5. Ketchup/Soy Sauce. Ketchup contains high levels of sugar, while “light” ketchup contains artificial sweeteners. Soy sauce, typically associated with healthy-sounding foods like veggie stir fry and such, contains a lot of gluten, which can heighten anxiety and depression, and make you feel sluggish. Try making your own tomato salsa (and for a bit of a kick, add a dash of cayenne pepper to taste), and low-gluten soy sauce.
  6. Coffee. This is a controversial one to bring up, perhaps, but think of all the caffeine in coffee, known to disrupt our sleep, make us jittery and anxious, and let’s not even talk about the post-caffeine crashes. Caffeine levels can be gradually phased out of your diet, to avoid caffeine withdrawals and headaches. Cold water in the morning can wake you up just as well as coffee can. If you must have your coffee, try decaf.

Dietary changes can certainly improve your overall mood consistently, but sometimes depression and/or anxiety can be too much to handle on your own. Depression and anxiety are both treatable, and their treatment usually leads to better sleep and improved overall wellness. If you or someone close to you need to talk to someone about mental health issues that seem overwhelming, we can help. Consider reaching out to our expert team at Solara Mental Health at 844-600-9747.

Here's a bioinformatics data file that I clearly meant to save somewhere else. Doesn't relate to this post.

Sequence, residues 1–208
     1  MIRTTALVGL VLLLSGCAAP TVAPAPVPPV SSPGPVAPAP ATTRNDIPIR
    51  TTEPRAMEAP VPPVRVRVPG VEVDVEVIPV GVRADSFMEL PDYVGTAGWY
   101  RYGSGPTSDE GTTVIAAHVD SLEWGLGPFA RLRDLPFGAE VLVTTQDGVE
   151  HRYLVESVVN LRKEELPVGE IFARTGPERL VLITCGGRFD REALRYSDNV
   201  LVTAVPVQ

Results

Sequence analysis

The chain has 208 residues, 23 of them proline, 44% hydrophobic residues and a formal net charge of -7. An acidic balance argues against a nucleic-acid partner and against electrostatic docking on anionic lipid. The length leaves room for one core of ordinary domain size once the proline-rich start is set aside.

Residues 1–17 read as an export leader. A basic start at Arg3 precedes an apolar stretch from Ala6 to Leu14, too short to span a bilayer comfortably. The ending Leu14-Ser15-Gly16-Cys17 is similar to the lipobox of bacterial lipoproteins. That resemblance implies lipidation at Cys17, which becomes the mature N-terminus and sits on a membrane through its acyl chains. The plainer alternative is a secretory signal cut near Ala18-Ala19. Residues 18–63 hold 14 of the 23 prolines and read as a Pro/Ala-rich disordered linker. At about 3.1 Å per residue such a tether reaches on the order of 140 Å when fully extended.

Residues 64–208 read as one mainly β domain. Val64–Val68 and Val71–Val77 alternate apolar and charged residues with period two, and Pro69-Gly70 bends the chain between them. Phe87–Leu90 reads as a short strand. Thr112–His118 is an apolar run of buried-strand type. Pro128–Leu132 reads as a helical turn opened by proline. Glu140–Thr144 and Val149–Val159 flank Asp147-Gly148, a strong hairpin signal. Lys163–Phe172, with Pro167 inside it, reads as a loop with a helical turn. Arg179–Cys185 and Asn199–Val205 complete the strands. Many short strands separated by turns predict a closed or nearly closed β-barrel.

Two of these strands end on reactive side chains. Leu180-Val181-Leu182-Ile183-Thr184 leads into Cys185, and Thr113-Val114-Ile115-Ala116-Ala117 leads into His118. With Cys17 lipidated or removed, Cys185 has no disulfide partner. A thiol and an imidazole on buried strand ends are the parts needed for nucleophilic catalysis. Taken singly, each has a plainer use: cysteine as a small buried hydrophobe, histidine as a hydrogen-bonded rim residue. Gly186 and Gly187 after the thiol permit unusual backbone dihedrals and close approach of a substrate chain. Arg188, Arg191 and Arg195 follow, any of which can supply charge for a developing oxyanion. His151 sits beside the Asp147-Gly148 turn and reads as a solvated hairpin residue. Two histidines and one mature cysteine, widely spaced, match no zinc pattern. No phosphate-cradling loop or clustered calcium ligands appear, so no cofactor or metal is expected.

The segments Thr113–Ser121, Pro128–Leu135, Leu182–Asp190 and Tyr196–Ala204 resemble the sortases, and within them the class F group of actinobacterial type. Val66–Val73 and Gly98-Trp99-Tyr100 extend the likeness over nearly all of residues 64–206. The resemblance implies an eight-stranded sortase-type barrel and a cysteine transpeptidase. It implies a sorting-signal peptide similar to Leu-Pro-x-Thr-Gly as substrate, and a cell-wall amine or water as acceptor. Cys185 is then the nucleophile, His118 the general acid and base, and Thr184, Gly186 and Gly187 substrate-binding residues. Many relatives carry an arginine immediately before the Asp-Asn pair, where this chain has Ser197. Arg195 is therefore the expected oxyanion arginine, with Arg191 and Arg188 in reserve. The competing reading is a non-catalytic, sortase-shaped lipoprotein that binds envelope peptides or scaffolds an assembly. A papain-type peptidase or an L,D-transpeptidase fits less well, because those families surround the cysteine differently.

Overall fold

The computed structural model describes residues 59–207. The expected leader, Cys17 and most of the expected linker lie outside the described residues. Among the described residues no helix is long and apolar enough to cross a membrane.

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Does My Bedtime Affect My Mental Health?

Does bedtime affect mental health

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Can your mental health be affected by your bedtime? We all know the age old mandate about “early to bed, early to rise,” and “get your 6-8 hours every night,” and so on, but how much does your bedtime matter?

Beware of sleep deprivation

First, let’s talk about not getting enough sleep and your mental health. It’s common knowledge that sleep deprivation can impact the quality of your mental health and psychological state, as sleep and mental well-being go hand in hand.

Experts will tell you that if you frequently feel sleepy throughout the day or experience what are known as “microsleeps” (i.e., briefly drifting off into a light doze throughout the day, even momentarily), then sleep-deprivation or a sleep disorder may be something you need to look into. Other signs that you’re not getting enough sleep include: trouble falling asleep (i.e., insomnia), not waking up feeling rested, pounding coffee, tea, soda, or energy drinks to get through the day, fighting to stay awake while driving or during normal activities like watching a movie, trouble with your memory, waking up in the wee hours of the morning and then having trouble going back to sleep (a.k.a., terminal insomnia).

Some facts about problematic sleep and mental health follow.